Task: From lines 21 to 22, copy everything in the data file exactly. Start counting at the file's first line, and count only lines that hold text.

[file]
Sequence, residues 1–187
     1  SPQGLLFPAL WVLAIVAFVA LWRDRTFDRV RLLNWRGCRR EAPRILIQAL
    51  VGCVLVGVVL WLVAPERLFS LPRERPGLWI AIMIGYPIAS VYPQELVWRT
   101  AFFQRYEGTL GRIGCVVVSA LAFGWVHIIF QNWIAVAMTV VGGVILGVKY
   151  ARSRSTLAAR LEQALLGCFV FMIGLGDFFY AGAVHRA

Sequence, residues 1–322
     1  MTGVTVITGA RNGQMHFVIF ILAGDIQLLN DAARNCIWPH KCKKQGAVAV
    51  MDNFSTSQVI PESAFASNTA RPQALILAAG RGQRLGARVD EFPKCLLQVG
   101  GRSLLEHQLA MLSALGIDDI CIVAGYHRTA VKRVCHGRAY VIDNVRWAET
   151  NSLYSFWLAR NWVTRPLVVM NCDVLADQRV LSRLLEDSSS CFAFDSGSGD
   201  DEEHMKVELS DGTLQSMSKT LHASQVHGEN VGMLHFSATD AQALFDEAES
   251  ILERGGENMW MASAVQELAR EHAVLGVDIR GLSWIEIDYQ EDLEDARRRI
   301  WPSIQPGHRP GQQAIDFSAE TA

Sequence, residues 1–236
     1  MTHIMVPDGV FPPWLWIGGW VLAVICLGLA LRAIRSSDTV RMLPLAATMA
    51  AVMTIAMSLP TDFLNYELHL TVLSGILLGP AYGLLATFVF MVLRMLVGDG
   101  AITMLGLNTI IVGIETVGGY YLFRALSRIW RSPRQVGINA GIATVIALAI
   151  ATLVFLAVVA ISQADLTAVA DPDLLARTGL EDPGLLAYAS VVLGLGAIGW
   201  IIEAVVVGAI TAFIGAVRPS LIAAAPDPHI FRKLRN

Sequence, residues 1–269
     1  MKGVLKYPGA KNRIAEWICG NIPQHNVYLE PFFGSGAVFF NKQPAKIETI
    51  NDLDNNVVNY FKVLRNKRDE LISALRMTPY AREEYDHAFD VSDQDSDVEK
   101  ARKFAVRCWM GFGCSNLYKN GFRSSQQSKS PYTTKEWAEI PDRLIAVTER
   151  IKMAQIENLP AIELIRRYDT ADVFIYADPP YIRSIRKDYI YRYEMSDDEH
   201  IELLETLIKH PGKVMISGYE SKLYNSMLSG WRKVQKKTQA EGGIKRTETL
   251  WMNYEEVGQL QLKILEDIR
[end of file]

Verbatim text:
     1  MKGVLKYPGA KNRIAEWICG NIPQHNVYLE PFFGSGAVFF NKQPAKIETI
    51  NDLDNNVVNY FKVLRNKRDE LISALRMTPY AREEYDHAFD VSDQDSDVEK